Accra, Feb. 28, GNA – A wreath laying cum flag hoisting ceremony was organised, on Tuesday, at the Nationalism Park, Osu, to commemorate the 69th Anniversary of the shooting to death of three Ex-servicemen at the Christianborg Crossroads on February 28, 1948.
The three: Sergeant Adjetey, Corporal Attipoe and Private Odartey Lamptey, were killed whilst their Regiment were going to present a petition to the then British Colonial Governor and Commander-in-Chief of the Gold Coast Regiment, Sir Gerald Creasy.
Political analysts see the incident as having facilitated the attainment of Ghana’s independence.
The ex service men were members of the Gold Coast Regiment of the Royal West African Frontier Forces that fought alongside the Allied Forces during the Second World War.
The colonialists had demobilised them promising to resettle them but had reneged on the promise.
President Nana Addo Dankwa Akuffo-Addo, laid a wreath on behalf of the Government and people of Ghana, while Major General Obed Akwa, the Acting Chief of Defense Staff, laid one on behalf of the security services.
The Chairman of the Veterans Association of Ghana, Commodore Steve Obimpeh (Rtd), also laid one on behalf of the veterans, whilst the Osu Mantse, Nii Okwei Kinka Dowuona V, laid one on behalf of Traditional Authorities.
A representative of Corporal Attipoe’s family also laid a wreath on behalf of the fallen heroes.
Special prayers were said to bless the souls of the heroes for the love, dedication and the service to their motherland; as well as for the peace and stability in Ghana and the world.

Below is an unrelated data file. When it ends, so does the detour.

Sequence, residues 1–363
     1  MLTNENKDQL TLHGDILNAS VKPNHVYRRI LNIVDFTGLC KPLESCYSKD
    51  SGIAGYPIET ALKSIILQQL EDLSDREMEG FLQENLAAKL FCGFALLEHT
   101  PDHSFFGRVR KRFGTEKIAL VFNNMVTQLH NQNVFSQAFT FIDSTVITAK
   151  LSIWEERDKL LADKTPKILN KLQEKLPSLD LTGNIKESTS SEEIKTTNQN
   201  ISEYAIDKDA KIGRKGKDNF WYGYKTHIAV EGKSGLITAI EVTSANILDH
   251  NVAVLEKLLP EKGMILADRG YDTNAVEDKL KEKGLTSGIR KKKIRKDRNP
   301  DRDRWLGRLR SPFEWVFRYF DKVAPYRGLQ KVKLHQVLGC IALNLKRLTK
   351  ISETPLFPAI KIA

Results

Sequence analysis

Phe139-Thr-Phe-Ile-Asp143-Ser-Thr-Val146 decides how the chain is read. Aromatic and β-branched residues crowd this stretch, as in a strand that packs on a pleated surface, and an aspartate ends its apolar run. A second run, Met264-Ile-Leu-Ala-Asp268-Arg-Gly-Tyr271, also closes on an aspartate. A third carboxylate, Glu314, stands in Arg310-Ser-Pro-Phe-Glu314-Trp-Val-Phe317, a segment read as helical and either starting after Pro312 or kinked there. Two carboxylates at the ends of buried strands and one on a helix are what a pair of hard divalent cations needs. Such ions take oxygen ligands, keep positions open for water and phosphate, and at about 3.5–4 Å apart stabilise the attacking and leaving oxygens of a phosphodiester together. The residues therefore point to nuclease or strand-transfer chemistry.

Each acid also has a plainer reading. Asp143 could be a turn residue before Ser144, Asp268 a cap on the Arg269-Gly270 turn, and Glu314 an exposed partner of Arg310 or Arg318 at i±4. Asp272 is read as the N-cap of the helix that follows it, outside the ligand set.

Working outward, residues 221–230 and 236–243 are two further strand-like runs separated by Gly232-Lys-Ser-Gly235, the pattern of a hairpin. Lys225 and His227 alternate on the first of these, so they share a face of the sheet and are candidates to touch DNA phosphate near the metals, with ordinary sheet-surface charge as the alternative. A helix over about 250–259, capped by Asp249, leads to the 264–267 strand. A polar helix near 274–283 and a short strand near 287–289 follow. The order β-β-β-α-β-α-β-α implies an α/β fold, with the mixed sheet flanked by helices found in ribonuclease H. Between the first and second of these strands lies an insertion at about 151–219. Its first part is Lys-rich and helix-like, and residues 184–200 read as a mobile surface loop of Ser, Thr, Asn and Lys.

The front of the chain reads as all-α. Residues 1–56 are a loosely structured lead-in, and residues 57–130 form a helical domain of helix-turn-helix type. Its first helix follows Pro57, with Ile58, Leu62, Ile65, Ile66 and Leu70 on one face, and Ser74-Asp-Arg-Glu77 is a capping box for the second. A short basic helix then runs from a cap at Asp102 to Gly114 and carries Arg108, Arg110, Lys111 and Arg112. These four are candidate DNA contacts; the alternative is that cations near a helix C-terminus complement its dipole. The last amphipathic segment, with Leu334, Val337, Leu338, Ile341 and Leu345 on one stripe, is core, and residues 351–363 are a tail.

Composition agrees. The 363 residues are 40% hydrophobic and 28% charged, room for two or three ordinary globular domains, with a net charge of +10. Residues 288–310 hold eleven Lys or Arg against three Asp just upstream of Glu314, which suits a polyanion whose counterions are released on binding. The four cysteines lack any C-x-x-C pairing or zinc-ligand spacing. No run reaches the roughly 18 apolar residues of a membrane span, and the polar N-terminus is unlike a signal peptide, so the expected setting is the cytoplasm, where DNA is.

The relatives of the heroes, Ministers of States, including the Ministers of Defence and the Interior, Parliamentarians, Traditional Authorities with other dignities graced the occasion.
An impressive parade was mounted by some detachments drawn from the Army, Navy, Air force, Police and Veteran Soldiers.
The most solemn moment came when the names of the war veterans were called out one after the other.
The response of “absent sir” was heard from the veterans when the name of a departed colleague was mentioned three times.
The shooting incident occurred after several appeals made by the soldiers to the authorities fell on deaf ears, and after a period of waiting for their reasonable war benefits to be paid yielded no results.
The Ex-servicemen decided that a direct approach should be made to the British Governor and Commander-in-Chief of the Gold Coast Regiment, Sir Creasy.
Therefore, on Saturday February 28, 1948, before noon, the unarmed Ex-servicemen embarked on a march from Accra to the Christianborg Castle to present a petition to the Governor and the Commander-in-Chief.
However, they were intercepted at the Christianborg Crossroads by a contingent of armed policemen led by a British Superintendent, Mr Colin Imray.
The Superintendent ordered the Ex-Service men to disperse; when his orders were disobeyed, he gave another order to the Police to open fire, when this second order was not complied with, Mr Imray fired at the Ex-servicemen, killing the three.
News about the death of the servicemen spread rapidly, leading to a situation where law and order broke down in Accra and other parts of the country.
This encouraged anti-colonial movements to press the British Government to institute a committee to investigate the killings and the general disorder.
The Committee recommended self-government for the Gold Coast, which subsequently, led to the attainment of political independence for the country on March 6, 1957.